At first I wondered if he was telling the truth. Whether his girlfriend had really kicked him out and if he really was looking for a few bucks to get a room at the YMCA or something to similar effect. Is that a story people use to get a buck? Do they stick around and shoot the breeze after they get rejected if the story isn't true? I decided ultimately that it didn't matter. After all, I could have been lying through my teeth when I told him that I didn't have any change. Why did I stick around and talk to him?

Later, I focused more on what he said about being intimidating. I wondered if he said it because he was African American and I was Asian. Would he have approached another African American in the same way? Did he say what he said because he thought African Americans might seem intimidating, or because he thought Asians were intimidated by African Americans? And of course, I don't think I was looking intimidated. If anything, I was probably looking kind of steamed because I wanted to stop walking and figure out where my friends were. Did he approach everyone that day with the same question?

In the end, I guess the truth didn't matter. Whether he was lying or not, it didn't matter. I'm not going to find out either way, and the fact is that after he asked me for a buck and I said no, we had a fairly civilized exchange, shook hands, and went our separate ways.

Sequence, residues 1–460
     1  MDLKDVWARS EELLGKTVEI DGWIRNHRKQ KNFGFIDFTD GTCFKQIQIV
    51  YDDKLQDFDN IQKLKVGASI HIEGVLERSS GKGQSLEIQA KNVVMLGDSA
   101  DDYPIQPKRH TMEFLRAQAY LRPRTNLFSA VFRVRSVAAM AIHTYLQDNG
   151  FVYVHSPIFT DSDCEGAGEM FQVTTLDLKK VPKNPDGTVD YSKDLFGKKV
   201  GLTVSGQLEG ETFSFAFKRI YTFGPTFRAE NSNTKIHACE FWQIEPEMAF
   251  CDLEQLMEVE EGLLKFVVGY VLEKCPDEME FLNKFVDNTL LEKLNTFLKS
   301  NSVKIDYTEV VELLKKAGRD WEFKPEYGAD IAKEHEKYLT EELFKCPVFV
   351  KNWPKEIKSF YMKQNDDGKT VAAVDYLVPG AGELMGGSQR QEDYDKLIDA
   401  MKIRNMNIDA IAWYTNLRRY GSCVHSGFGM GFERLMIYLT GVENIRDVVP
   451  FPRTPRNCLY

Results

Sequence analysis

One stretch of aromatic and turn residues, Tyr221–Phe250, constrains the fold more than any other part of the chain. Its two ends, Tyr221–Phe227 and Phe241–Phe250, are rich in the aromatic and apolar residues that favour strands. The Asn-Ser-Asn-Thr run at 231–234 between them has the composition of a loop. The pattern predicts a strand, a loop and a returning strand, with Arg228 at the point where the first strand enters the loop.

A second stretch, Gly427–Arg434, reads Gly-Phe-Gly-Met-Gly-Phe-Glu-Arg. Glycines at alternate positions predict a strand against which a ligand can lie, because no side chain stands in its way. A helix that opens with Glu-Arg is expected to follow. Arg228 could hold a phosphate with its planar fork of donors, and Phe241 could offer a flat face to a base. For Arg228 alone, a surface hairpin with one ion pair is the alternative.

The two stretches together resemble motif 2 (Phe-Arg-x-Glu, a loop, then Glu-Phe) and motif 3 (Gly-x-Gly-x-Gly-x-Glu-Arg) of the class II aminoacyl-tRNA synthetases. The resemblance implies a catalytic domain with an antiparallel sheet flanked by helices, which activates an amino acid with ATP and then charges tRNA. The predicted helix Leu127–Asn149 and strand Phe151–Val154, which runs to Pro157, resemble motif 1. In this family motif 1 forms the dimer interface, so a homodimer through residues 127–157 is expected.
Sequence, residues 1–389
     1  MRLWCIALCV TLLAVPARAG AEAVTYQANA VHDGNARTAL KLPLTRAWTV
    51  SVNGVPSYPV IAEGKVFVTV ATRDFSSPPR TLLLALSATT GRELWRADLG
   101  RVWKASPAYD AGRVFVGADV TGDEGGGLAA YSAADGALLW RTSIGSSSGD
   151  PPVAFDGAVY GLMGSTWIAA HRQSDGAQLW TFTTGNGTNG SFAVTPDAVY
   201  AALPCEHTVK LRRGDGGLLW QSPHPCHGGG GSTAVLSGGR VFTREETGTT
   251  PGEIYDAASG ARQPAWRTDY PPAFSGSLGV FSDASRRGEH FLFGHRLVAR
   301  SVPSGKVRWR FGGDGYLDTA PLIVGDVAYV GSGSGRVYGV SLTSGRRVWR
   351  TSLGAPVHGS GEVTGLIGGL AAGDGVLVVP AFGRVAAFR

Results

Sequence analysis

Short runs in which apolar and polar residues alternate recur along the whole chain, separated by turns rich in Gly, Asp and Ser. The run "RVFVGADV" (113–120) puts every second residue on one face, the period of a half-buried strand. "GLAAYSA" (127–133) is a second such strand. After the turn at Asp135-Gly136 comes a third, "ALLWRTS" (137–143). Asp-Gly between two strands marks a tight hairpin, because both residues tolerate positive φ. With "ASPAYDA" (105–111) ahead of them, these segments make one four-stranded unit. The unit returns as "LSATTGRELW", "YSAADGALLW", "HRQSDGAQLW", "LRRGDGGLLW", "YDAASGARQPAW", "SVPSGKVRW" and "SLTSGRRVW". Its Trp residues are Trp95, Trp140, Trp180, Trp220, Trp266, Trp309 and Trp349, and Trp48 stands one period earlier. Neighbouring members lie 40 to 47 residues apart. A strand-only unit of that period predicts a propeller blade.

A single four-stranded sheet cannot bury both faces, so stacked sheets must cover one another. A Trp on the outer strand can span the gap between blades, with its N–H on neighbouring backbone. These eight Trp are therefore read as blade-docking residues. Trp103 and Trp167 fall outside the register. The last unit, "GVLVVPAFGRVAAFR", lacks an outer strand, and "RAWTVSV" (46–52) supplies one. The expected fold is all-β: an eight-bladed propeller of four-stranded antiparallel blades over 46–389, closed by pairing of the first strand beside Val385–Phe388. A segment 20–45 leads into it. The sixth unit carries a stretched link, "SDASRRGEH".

We SHOOK hands. Is that weird? How many strangers do you shake hands with? I kind of look back and wonder what possessed the two of us to actually talk and then shake hands. I mean, I actually could have asked him for change. I needed it as much as he did (ok, maybe a little less). What made us shake hands? I don't think either of us thought we were breaking some racial divide, because that would have been silly. I think we were just both glad to talk to someone, even if neither of us received any direct help from it.

I like to look back now and think that the fact that we both needed help or money took precendent over race and skin color, even though the situation might have been approached with stereotypes in mind. I might be being too idealistic. But what forms a stronger bond of solidarity between people than a shared need?